As a result of this spectacle, Iyengar became extremely friendly with the wrestlers who lived next door to him in a cheap room provided by the Gymkhana to its employees. He puzzled over the fact that every time they entered or left their rooms they would knock on his door and ask Iyengar, who was much shorter than they were, to lock or unlock the latches on the top of their doors for them. Iyengar, polite as always, obliged, but could not help wondering at the strangeness of this request. When he got to know them better, he understood that their exercise routine left their shoulders so muscle-bound that it was impossible for them to raise their arms above their heads.

These were the same wrestlers who in England in 1910 had issued a challenge to anyone in the world to come forth and fight them.

“NO ONE BARRED!!
ALL CHAMPIONS CORDIALLY INVITED!! THE BIGGER THE BETTER!!”

For four months no one dared take up the challenge. After four months, Doc Roller, a full foot taller than Gama, rose to the challenge. In the first round, Gama had brought Roller down in one minute and forty seconds. And this powerful wrestler could not open the door for himself!

Iyengar, who had been working on his flexibility for many years now, was aghast that their exercise regimen had actually left them incapable, rather than more capable. He later found out, when he got to know them much better, that they had difficulty sitting on the Indian-style squatting toilets. This made it impossible for them to evacuate their bowels completely, and was the cause of many other attendant ills. Iyengar’s encounter with the wrestlers left Iyengar more convinced than ever of the importance of a holistic regimen like yoga.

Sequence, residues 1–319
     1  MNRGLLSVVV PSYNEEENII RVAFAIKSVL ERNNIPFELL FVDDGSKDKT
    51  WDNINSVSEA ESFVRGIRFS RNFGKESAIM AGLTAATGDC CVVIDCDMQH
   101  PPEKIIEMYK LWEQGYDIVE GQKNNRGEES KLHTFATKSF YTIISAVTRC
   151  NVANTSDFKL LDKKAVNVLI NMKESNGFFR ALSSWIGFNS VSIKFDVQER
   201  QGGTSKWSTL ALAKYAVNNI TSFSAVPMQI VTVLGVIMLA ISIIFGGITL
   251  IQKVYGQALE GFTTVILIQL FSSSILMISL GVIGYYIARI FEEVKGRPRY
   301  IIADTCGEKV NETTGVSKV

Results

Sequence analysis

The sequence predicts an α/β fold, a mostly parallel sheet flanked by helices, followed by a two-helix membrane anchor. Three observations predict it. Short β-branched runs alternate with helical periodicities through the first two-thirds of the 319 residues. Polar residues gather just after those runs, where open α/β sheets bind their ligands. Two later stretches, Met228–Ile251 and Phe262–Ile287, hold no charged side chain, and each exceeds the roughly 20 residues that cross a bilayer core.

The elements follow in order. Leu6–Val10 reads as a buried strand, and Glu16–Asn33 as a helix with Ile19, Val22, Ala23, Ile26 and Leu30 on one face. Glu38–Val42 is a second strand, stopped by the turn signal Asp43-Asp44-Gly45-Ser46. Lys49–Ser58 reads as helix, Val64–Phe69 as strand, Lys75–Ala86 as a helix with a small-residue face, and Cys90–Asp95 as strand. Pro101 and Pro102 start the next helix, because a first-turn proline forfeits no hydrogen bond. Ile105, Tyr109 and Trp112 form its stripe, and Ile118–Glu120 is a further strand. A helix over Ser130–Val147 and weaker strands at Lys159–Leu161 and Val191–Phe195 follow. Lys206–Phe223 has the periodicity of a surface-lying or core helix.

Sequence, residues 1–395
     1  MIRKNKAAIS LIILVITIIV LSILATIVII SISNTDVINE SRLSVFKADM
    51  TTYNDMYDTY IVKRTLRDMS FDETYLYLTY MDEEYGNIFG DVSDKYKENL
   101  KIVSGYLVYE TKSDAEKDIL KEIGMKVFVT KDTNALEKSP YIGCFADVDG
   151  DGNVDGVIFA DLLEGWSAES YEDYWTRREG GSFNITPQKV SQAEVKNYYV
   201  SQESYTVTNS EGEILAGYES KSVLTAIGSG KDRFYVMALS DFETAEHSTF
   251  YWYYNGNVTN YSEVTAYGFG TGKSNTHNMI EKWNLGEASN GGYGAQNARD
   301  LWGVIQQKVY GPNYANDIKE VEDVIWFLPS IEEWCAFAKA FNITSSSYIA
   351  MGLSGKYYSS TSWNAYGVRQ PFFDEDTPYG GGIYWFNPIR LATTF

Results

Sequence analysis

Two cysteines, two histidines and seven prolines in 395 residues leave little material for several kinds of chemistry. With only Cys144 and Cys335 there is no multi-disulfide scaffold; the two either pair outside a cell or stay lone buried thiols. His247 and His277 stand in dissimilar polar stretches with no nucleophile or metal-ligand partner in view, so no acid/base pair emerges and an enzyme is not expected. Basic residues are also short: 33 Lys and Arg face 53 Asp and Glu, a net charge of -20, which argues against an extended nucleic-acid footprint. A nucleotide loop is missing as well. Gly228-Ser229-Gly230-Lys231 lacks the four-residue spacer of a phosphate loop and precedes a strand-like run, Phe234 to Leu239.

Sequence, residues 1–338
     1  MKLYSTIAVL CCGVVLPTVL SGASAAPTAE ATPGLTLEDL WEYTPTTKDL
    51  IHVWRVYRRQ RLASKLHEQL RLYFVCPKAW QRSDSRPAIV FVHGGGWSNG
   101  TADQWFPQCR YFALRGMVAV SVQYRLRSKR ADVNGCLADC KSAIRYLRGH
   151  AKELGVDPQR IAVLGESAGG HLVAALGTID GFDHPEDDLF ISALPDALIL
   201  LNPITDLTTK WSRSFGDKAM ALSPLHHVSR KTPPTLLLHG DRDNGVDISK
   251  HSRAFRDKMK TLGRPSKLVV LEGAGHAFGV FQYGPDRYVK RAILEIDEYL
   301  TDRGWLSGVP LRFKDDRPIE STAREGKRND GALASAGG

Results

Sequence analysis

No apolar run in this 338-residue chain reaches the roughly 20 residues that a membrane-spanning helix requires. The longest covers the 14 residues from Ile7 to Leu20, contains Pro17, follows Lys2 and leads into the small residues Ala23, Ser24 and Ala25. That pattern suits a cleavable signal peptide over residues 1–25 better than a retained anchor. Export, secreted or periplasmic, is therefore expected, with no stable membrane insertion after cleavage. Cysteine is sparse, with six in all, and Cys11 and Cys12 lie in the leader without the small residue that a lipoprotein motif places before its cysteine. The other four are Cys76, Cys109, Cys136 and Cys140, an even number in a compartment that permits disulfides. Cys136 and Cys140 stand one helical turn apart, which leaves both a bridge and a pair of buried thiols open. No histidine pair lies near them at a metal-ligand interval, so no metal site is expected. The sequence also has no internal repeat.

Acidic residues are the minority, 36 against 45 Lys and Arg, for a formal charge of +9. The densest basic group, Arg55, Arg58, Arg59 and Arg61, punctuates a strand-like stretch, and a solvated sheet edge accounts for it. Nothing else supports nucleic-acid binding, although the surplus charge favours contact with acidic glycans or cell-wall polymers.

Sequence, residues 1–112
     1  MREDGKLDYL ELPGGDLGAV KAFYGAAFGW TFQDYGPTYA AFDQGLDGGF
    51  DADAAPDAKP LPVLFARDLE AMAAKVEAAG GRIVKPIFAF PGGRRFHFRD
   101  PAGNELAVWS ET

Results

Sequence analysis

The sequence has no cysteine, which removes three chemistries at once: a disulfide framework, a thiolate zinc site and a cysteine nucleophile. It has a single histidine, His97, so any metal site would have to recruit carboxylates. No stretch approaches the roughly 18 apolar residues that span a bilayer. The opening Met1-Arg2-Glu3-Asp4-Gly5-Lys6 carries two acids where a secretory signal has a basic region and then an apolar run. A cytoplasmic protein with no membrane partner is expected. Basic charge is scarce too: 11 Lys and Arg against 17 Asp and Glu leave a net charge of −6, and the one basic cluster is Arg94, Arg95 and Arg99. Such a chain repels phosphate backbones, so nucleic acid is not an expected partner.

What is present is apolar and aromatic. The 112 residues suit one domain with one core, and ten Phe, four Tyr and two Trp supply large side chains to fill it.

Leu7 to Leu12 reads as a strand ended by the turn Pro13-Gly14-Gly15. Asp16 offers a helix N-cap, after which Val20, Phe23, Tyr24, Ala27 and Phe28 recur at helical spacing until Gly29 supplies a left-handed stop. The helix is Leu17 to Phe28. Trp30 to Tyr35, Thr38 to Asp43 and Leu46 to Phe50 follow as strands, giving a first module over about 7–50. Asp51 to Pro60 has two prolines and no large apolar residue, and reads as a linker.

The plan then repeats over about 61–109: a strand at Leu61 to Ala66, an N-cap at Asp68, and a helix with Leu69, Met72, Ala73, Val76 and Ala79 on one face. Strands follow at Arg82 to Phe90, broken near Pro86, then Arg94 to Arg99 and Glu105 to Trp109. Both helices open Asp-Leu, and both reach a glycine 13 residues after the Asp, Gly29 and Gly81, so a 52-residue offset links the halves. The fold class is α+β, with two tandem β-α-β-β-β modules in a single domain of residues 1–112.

Loneliness also led him to befriend characters whom he may not ordinarily have chosen. Some of the people he met at the Gymkhana were regular drinkers, and would spend many of their evenings going out into the town. These people invited him along on their riotous evenings.

Though he did not drink, his longing for companionship in this city of strangers made him accompany them on their escapades.

After the boys had had a reasonable amount to drink, they would inexplicably disappear into the by-lanes nearby, asking him to wait till they returned. Within half an hour, they would generally be back, always much more genial and cheerful than when they left.

On one of these days, as he stood waiting for his friends to return, another of his acquaintances spotted him. The man stopped and asked what he was doing there. Iyengar told him he was waiting for his friends to return. The man told the young Iyengar that this was not a savoury place for a decent young man like him to be hanging around and advised him to go home immediately. It was only when he was slightly older that the innocent Iyengar found out that he had been standing under the street lamps of Pune’s infamous red light district. Finally, he understood the reason for his friends’ exuberance when they returned from their excursions into those by-lanes.

Excerpted with permission from A Life of Light: The Biography of BKS Iyengar, Rashmi Palkhivala, HarperCollins.

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Another example is Penn Medicine in Philadelphia which launched an ‘innovation tournament’ across the organization as part of its efforts to improve patient care. Participants worked with professors from Wharton Business School to prepare for the ideas challenge. More than 1,750 ideas were submitted by 1,400 participants, out of which 10 were selected. The focus was on getting ideas around the front end and some of the submitted ideas included:

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This article was produced on behalf of Abbott by the Scroll.in marketing team and not by the Scroll.in editorial staff.